Fryover said that over the years the group has encountered everything from simple hauntings to demonic activity."We have heard EVP, electronic voice phenomenon," said Fryover. "Other instances - we have had a poltergeist who was knocking holes in the wall and we determined that that energy was coming from a young child."

She said that in rare circumstances, demons are detected, but when this happens different specialists are called in."We don't cleanse houses," said Fryover. "We don't tell them to move on, we identify them and sometimes they can communicate with our psychics. Sometimes they don't know they are dead. Sometimes when they find out they are dead they move on."

The group is still trying to develop new tools to identify these spirits, but even with all the technology used to track them, they still will not be able to figure why things like this happen."There's tons of theories out there," said Fryover. "We believe that people can come back and visit. Another reason why it happens is because of a sudden death or traumatic death. It happened so quickly, they don't know they are dead, so they just go on."

Bill Washle, the organization's founding member, spoke to a group of listeners at a ghost-hunting lecture on Saturday and told perhaps the most frightening story he had ever encountered in his investigations. A woman in Western Maine had called him, with fear in her voice, saying she heard footsteps walking across her living room floor.

Washle and his team of investigators arrived at her home and began to conduct their research. They took temperature readings, recorded for EVP and brought in psychics to help explain the mystery. After awhile, it became strikingly clear what was causing these creepy sounds."It turned out to be the oil tank," said Washle.

Mike Brown can be reached by e-mail:, or by telephone: 338-3333. n


Jumping Frenchman Disease

Well I thought I'd heard everything, until I read an interview with Nancy Butcher, author of The Strange Case of the Walking Corpse, and discovered this lively disorder. To wit:

"Being extremely startled by an unexpected noise or sight is the main characteristic of the disorder with the peculiar name of Jumping Frenchmen of Maine.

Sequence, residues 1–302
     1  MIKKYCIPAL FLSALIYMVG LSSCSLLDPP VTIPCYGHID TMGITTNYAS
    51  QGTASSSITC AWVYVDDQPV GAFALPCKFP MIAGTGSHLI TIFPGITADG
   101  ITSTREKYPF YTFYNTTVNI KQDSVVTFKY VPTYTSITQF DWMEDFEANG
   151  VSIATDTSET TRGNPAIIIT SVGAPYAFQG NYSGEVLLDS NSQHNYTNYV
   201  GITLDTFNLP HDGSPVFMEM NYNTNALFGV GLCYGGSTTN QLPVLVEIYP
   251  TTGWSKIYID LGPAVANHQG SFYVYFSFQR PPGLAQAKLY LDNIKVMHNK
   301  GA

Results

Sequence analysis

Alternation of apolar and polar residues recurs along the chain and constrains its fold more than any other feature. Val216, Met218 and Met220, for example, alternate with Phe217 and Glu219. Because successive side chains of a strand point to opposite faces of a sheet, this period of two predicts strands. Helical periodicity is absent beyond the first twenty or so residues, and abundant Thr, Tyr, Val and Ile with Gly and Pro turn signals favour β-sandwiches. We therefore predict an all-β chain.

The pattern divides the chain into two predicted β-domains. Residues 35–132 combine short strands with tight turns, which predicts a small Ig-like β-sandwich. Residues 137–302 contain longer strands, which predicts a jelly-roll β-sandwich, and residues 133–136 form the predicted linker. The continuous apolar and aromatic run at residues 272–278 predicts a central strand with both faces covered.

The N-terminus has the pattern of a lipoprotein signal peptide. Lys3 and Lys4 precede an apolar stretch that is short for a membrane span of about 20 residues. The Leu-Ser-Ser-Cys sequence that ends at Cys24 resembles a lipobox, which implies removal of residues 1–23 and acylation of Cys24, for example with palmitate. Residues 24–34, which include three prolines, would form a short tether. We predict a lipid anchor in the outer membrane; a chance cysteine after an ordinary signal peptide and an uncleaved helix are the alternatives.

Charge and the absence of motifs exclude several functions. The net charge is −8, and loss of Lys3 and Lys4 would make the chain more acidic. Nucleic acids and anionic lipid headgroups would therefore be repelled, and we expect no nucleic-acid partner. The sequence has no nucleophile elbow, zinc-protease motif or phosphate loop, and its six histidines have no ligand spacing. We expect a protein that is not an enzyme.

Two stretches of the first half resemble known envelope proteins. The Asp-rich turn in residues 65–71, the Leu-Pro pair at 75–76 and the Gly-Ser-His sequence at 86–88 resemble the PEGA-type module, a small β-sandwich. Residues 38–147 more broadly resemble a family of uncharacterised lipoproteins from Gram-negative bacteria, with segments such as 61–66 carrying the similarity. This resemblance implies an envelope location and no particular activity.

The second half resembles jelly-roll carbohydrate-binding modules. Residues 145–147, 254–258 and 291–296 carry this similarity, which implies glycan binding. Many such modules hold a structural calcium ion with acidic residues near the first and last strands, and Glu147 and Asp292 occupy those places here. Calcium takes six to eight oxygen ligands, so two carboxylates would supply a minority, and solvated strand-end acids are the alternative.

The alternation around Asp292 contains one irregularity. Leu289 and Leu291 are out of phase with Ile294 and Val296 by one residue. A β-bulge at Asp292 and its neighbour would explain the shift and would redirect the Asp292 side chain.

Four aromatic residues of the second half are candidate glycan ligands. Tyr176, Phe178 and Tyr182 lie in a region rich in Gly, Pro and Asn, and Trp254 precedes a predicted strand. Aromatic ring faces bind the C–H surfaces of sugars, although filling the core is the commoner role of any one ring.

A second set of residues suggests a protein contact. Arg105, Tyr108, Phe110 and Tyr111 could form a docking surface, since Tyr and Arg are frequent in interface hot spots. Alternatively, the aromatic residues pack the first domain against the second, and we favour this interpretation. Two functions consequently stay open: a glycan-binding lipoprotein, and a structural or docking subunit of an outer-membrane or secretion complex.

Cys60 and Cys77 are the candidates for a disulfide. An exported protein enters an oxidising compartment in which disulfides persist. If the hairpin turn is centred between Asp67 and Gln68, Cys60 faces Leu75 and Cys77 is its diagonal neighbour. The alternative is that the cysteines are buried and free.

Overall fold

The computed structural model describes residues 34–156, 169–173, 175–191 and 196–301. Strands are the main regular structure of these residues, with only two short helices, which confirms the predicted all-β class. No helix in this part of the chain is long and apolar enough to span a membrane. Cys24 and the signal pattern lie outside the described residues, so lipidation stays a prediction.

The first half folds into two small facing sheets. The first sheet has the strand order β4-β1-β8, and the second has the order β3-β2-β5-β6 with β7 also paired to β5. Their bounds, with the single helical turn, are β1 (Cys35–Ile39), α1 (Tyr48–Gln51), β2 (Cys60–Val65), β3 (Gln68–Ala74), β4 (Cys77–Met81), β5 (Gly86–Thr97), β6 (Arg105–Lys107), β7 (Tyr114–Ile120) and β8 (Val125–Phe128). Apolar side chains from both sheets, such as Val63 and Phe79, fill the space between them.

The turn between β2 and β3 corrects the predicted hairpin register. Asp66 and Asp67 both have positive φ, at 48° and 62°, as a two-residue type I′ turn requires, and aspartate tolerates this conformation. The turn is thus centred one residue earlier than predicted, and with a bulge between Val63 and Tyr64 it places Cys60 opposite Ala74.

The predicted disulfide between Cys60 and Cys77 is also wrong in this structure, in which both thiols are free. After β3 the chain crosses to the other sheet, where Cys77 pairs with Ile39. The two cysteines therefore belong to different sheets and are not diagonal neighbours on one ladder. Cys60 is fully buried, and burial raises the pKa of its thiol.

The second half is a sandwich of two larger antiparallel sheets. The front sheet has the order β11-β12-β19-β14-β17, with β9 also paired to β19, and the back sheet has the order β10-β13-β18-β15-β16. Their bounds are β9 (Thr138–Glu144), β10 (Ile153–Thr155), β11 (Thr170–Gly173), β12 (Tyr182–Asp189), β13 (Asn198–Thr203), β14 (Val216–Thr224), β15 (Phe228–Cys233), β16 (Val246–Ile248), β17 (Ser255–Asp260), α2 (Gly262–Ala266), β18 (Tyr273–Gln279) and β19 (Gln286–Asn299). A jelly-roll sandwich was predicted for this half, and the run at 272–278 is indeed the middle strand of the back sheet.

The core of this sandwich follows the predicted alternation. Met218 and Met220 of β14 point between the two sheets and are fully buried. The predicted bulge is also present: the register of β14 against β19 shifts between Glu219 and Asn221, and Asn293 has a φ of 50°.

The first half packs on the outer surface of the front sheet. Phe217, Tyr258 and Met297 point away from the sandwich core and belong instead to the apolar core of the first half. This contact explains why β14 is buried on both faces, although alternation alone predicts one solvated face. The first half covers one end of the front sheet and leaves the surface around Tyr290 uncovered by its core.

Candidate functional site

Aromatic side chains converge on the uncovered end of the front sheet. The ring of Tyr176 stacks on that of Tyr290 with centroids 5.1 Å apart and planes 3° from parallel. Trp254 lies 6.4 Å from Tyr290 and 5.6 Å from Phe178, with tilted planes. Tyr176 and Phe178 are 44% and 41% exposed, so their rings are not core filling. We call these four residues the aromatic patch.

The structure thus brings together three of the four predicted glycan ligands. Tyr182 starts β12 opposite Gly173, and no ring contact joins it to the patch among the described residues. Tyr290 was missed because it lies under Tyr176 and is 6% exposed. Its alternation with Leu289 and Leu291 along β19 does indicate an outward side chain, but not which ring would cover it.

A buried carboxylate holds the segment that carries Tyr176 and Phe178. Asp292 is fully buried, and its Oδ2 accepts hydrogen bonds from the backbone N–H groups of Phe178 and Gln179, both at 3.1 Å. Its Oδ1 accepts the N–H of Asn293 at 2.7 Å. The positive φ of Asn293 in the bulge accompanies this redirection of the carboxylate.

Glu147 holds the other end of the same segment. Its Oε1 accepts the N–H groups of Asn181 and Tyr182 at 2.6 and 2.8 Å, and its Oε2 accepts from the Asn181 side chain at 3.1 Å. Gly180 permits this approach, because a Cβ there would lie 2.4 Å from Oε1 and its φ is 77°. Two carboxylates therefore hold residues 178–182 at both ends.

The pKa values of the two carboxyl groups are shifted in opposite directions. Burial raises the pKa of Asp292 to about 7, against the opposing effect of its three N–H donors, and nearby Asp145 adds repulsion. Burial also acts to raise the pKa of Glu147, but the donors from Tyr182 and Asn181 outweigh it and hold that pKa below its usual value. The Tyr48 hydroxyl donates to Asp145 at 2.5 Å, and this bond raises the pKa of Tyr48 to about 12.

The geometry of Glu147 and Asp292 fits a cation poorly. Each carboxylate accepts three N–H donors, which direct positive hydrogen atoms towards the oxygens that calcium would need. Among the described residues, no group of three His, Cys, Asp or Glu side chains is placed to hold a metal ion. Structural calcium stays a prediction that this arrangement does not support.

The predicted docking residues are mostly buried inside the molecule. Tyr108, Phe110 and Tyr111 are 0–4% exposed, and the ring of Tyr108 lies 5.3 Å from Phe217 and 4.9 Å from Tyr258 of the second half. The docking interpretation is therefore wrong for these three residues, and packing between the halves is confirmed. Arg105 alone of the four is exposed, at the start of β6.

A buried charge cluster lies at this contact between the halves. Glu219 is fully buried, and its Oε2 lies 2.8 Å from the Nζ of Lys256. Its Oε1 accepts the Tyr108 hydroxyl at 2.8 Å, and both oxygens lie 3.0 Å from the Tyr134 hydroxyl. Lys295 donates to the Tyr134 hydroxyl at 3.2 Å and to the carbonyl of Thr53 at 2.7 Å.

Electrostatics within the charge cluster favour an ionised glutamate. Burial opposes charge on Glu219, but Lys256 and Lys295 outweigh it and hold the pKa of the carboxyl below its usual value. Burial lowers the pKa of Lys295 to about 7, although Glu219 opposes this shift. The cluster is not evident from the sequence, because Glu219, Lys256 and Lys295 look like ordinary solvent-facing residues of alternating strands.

It's not just bolting when someone sneaks up behind you, explains Butcher. Patients with the disorder flail their arms, cry out and repeat words. First identified in some of Maine's lumberjacks of French-Canadian origin, the odd reflex has been identified in other parts of the world, too."


Hmm... I wonder what scared them so much, hmm??? I bet there are some interesting stories from the dark of the Maine woods, which were echoing for the first time with men's axes and saws, plundered and enraged out of their aeons-long solitude.

For more information, see this National Institute of Health site:

Of note is this interesting phenomenon: "In response to sudden sensory input, abnormal reaction occurred. For example, if one of them was abruptly asked to strike another, he would do so without hesitation, even if it was his mother and he had an ax in his hand." Affected persons were known commonly as "jumpers."

It was Beard's studies (mentioned above, circa 1880) that encouraged Gilles de la Tourette to study similar behavior that led to his discovery of what is now known as Tourette's Syndrome.

Of recent note is a short fictional piece by Eric Norton, inspired by Lovecraft, about an excursion gone terribly wrong -- an excursion to study this same disorder!

I can see I am not the only one with delicious dreams of writing short fiction about this intriguing weirdness. Drat!

Thursday, October 13, 2005

Danvers Asylum, Massachusetts

For those of you (probably ALL of you!) interested in the Danvers State Hospital, here are a few links about the site:

John Grey's excellent and comprehensive site, featuring his photography:

The local library's resource guide:

The Horror Channel's extensive description of the site as it relates to the film "Session 9," with lots of interior photos and information about the filming locations:

WMPG recordings about Casco Bay

For those of you curious (as I am) about the haunted looking Ram Island Ledge lighthouse, House Island, and other curiosities of the Harbor and Casco Bay -- lucky us!!!

WMPG took a tour of a bunch of these oddities and made recordings of their discoveries which you can download on their site.

Maine Earthquake

Maybe it's not strange. But maybe something is making its way up through the crust???

Ha ha ha... I remember being in Wells at a family friend's house for dinner when I was very young, around 8 or 10 years old, and there being an earthquake. Everything was vibrating heavily and plates were rattling, and it seemed we were doomed. It was dark out and very foggy, and my brother and I were convinced it was the dinosaurs coming to take over the earth.


September 25, 2005

Minor earthquake shakes northern Maine
Associated Press